Have we made travel too special?
Look, I get why we do it. Travel is a special thing, and it’s impossible to enjoy something so special so much without talking about it in hushed tones with lofty modifiers and intense urgency. We love travel, and we want to communicate that love to everyone around us so they can enjoy it as well.
Is it working, though?
In a world where half of Americans aren’t taking their vacation days, where is that love? In a culture where couch surfing seems to take precedence over days at the actual beach, who’s feeling that love? When we pile up work on top of work and our response to “how ya doin’?” is always (and I mean always) “good…busy,” is it possible that we’re loving the daily grind more than what we’re supposed to be working for?
This column isn’t making the argument that travel is anything less than one of the most awesome pursuits we can strive for—that is most certainly true.
However, have we put travel on such a pedestal that we’ve set it up as an obstacle, as something too far out of reach?
My favorite travel memories growing up were never the big and crazy family road trips. That’s not to say those weren’t amazing (they were), but my favorite memories will always be the Saturday mornings that my dad roused me before the sun and put me in the car en route toward some secret destination. The first couple of miles, I’d peer through half open eyes, intently trying to see which highway we’d be going down and which direction he’d set us on.
Sometimes, our adventure would only take us a few towns over.
Other times, we’d hit that stretch of southward bound road that I just knew would mean a day trip to Chicago.
These weren’t trips that took months of savings or planning, nor were they extravagances of a spoiled childhood. We made do with what we had and turned a flea market, art museum, comic book store, county fair or minor league sporting event into lifetime memories.
Now, years later and always with memories of my father rattling around in my head, my wife and I are instilling this ethos into our children. Life is not a rat race toward a destination. Life is supposed to be enjoyed with the people we love. We are supposed to work hard to make our little patches of the world a better place and then actually live in that place.
Don’t have any good ideas of where to go or what to do? Pick a direction, book a hotel and then Google “Things to do in PLACE X.”
I guarantee you will have infinitely more fun doing whatever you find than you will on the umpteenth night at home complaining that there isn’t anything good on Netflix.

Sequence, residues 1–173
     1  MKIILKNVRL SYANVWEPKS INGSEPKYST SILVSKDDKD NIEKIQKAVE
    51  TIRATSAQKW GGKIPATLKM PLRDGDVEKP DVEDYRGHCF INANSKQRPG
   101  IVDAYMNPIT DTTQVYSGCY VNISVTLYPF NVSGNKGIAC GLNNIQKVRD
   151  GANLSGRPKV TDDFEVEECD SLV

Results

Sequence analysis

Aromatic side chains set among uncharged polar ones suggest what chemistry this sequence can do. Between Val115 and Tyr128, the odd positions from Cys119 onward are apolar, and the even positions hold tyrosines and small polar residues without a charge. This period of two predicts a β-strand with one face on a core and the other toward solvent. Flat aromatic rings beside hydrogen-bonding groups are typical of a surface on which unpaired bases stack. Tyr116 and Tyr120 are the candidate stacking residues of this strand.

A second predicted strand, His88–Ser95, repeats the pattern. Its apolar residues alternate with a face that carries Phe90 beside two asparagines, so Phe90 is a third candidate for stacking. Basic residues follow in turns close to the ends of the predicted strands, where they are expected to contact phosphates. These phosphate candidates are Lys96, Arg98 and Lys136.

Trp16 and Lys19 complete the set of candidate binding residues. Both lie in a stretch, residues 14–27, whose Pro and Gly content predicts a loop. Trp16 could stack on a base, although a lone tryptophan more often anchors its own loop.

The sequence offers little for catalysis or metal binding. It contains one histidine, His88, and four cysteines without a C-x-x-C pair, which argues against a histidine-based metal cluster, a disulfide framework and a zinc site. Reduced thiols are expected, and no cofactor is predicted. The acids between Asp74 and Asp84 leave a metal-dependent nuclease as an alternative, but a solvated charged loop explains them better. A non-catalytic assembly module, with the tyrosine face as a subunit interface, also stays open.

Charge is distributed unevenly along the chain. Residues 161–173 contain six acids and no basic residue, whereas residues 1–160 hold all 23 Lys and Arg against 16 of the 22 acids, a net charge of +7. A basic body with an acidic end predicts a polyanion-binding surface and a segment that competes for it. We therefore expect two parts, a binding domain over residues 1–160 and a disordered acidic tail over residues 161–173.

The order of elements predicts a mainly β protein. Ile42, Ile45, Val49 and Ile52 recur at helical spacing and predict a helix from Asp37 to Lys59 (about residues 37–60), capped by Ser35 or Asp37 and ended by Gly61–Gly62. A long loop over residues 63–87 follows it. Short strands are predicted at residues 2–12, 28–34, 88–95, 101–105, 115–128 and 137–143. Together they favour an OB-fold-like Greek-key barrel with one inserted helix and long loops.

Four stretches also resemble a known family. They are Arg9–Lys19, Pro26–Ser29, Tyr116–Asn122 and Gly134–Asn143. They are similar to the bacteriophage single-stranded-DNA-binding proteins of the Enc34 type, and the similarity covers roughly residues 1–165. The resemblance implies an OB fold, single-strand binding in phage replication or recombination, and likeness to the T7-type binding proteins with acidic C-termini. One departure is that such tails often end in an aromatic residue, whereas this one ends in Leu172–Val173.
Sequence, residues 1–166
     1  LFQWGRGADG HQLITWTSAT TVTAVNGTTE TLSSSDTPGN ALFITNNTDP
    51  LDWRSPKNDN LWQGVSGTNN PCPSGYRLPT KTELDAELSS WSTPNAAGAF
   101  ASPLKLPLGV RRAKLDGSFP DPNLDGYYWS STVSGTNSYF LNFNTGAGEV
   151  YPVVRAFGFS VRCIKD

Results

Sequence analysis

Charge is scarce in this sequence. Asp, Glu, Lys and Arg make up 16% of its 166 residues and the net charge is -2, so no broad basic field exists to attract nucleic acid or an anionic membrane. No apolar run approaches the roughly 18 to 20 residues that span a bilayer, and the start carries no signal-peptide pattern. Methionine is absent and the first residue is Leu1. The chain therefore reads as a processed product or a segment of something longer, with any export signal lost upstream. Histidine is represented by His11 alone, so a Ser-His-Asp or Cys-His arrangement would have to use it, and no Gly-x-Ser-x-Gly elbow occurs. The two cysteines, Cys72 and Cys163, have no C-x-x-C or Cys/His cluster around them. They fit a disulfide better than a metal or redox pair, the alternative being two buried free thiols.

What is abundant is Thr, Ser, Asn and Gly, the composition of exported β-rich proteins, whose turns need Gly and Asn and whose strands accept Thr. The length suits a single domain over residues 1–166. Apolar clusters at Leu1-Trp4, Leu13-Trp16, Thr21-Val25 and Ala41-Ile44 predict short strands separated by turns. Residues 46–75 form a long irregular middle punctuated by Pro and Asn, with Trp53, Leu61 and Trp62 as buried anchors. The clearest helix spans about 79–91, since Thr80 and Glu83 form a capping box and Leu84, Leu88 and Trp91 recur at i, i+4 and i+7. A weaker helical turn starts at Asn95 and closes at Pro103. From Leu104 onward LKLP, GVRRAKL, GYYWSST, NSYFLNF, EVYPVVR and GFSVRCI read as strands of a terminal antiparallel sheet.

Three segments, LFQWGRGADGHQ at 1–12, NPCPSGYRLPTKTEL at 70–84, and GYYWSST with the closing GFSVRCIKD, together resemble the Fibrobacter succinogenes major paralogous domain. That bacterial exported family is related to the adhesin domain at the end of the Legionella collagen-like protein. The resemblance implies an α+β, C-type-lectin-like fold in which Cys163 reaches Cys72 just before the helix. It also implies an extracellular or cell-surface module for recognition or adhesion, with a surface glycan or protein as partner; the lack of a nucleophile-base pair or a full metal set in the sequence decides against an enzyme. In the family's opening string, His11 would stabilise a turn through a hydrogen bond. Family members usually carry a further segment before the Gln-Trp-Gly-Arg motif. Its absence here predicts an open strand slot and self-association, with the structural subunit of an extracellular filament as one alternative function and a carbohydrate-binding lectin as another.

No matter where you live, there are local festivals, artisans and communities dying for your support. In every area of the country, there are countless day trips or overnight excursions that are within your fingertips.
None of this precludes the big trips, either.
Want to take a cruise? Go on a cruise. Stop dreaming about it and find your beach.
Want to hop on a plane and start getting your passport stamped? Go. Do it. Stop waiting.
Worried about all your (real and metaphorical) stuff while you're away? Stop...just stop. We build these sand castles for ourselves and pretend like they're the be-all, end-all of our existence. Your stuff is just stuff, and that goes for all of your responsibilities and busyness. Turn your blasted phone off once in a while and realize that you never dreamed of being a slave to your job as a little kid and your own loved ones probably didn't sign up for that either.
Plus, guess what, a little time away is almost guaranteed to help your job performance far more than sitting at your desk and just wishing you weren't there.
Oh, and don’t ask me how you’re going to pay for it. You already know. Take the little things you do to waste time—the Redbox movies, the takeout, the retail therapy—set a little aside today and then leave it alone until you can start using it to do what you really want to do with it.
Aim for the big trip with a specific date in mind, but start booking what you can afford today. Don’t go into debt for your dream vacation and don’t make your dreams so big that you’re not trying to achieve them. In fact, stop calling them dreams. Make travel your frequent reality.
Stop making travel only aspirational. Travel is attainable.